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Department of Music

Pop and Politics in East Asia

Course Code:
155800077
Status:
Course Not Running 2014/2015
Unit value:
0.5
Year of study:
Year 2, Year 3 or Year 4
Taught in:
Term 1

The course is designed to pair with the other half unit course being introduced: Traditions of East Asia, which provides a more musicological overview of East Asia’s musical genres and styles, but it may be taken as a free standing unit, both by Music and other students. The lesser emphasis on musicological approaches is expected to give the course greater appeal to area studies, politics and anthropology students.

Objectives and learning outcomes of the course

At the end of the course, a student should be able to demonstrate basic knowledge of the development of contemporary musical genres in 20th and 21st century China, Japan and Korea. They should gain critical understanding of issues surrounding the manipulation of music for political ends, the impact of political ideology on musical aesthetics and form, the relationships between music and political power structures, nationalism and local identities, gender, and globalisation. They should have a basic understanding of the workings of the pop music market in East Asia, and be able to deal critically with issues of distribution, marketing and copyright and various forms of technological mediation including the internet.

Scope and syllabus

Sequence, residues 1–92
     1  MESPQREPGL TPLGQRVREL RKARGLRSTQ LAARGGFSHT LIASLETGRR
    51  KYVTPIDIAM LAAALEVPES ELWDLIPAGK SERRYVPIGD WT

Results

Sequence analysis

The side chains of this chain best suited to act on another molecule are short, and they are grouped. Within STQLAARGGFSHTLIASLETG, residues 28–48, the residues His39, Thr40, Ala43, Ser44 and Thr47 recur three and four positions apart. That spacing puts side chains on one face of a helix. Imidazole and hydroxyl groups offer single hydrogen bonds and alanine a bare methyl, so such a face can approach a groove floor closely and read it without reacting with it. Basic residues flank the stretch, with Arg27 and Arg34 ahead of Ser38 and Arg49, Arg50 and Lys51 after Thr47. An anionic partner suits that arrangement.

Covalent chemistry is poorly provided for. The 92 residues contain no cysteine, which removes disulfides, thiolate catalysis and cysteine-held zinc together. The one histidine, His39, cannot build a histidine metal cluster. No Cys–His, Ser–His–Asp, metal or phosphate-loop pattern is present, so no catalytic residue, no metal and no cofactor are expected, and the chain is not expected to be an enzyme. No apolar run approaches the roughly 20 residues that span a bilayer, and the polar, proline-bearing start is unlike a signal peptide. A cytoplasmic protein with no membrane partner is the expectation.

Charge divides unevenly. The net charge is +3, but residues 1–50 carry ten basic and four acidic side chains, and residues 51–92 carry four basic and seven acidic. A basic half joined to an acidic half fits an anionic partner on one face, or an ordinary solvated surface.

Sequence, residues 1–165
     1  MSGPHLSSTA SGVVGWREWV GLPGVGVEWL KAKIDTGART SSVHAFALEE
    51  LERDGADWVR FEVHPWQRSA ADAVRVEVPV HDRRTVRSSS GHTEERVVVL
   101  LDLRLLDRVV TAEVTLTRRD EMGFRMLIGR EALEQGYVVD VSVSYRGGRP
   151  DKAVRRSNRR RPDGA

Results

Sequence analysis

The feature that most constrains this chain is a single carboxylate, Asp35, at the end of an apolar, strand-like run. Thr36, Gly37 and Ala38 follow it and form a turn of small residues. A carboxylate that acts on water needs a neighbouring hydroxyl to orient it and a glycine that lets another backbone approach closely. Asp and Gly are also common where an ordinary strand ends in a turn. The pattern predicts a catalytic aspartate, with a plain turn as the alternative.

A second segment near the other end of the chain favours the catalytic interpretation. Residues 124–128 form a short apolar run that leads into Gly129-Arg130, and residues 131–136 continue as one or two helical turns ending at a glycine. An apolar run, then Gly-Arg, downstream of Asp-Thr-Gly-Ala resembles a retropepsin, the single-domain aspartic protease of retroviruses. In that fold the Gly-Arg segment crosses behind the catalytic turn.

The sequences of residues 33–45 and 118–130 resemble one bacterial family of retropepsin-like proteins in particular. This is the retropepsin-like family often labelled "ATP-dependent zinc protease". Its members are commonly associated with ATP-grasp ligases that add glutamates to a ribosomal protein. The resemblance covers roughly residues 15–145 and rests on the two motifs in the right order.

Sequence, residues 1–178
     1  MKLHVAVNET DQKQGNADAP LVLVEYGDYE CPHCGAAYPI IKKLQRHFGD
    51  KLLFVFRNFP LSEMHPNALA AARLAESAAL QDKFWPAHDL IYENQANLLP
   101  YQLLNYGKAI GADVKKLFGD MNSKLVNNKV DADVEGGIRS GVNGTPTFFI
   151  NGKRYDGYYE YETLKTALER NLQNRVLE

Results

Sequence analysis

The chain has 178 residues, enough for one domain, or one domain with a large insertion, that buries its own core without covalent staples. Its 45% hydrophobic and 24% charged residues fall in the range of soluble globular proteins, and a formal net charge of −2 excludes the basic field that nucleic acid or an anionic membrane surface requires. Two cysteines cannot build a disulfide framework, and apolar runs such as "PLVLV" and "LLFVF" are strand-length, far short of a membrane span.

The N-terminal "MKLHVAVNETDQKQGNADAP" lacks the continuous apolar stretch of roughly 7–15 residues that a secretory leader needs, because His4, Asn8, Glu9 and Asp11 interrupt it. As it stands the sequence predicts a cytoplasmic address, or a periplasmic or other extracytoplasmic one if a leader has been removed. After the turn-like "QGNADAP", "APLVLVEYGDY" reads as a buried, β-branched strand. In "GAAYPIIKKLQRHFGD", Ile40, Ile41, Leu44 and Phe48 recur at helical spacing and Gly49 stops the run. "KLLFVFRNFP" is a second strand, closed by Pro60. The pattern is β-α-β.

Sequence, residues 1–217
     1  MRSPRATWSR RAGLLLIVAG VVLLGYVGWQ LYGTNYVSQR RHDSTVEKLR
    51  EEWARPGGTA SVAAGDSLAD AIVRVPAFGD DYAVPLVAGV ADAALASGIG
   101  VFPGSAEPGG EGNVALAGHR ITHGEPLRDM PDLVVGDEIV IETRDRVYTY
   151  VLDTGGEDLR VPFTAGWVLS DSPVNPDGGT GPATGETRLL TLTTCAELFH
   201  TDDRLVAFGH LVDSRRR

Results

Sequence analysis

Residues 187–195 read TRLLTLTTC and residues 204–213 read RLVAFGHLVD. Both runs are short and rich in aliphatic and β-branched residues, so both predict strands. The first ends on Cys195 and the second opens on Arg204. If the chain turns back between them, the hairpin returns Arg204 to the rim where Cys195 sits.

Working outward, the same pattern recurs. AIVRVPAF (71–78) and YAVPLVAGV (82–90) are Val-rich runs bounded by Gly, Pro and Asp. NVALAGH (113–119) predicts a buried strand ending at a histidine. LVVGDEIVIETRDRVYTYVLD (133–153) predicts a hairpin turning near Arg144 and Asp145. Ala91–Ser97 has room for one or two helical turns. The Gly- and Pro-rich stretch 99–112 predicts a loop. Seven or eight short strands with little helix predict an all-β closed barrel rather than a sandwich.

Outline of lectures:

  • The global and the local in East Asian contemporary music
  • China: 20th century revolutionary politics and music
  • North Korea: music and ‘socialist realism’
  • The professionalisation of Chinese folk music
  • Intangible cultural heritage in East Asia
  • The music business in East Asia
  • The politics of Chinese rock music
  • J-pop and underground
  • Korean pop and fusion
  • Ethnic minority music: China’s ‘world music’
  • Online music scenes of East Asia

Method of assessment

Two Essays of 2500 words each (100%)

Suggested reading

  • Chun, Rossiter & Shoesmith eds. (2004) Refashioning pop music in Asia: cosmopolitan flows, political tempos and aesthetic industries. Richmond: Curzon.
  • Condry, Ian. "Yellow B-Boys, Black Culture, and the Elvis Effect." In Hip-Hop Japan and the Paths
    of Cultural Globalization. Durham, NC: Duke University Press.
    ___. 2001. Japanese hip-hop and the Globalization of popular culture. In Urban Life: Readings in the Anthropology of the City, edited by George Gmelch and Walther Zenner. Prospect Heights, IL: Waveland Press pp. 357-387.
  • Fung, Anthony (2008) ‘Western Style, Chinese Pop: Jay Chou's Rap and Hip-Hop in China’, Asian Music 39/1:69-80.
  • Harris, Rachel (2005) ‘Reggae on the Silk Road: the globalisation of Uyghur pop’, China Quarterly 183, 627-643.
  • Ho Wai-Chung (2003) ‘Between Globalisation And Localisation: A Study Of Hong Kong Popular Music’, Popular Music, pp143-157
  • Keith Howard, 2002. ‘Exploding Ballads: The Transformation of Korean Pop Music’, in Tim Craig and Richard King (eds), Global Goes Local: Popular Culture in Asia: 80-95. Vancouver: Uni. British Columbia Press.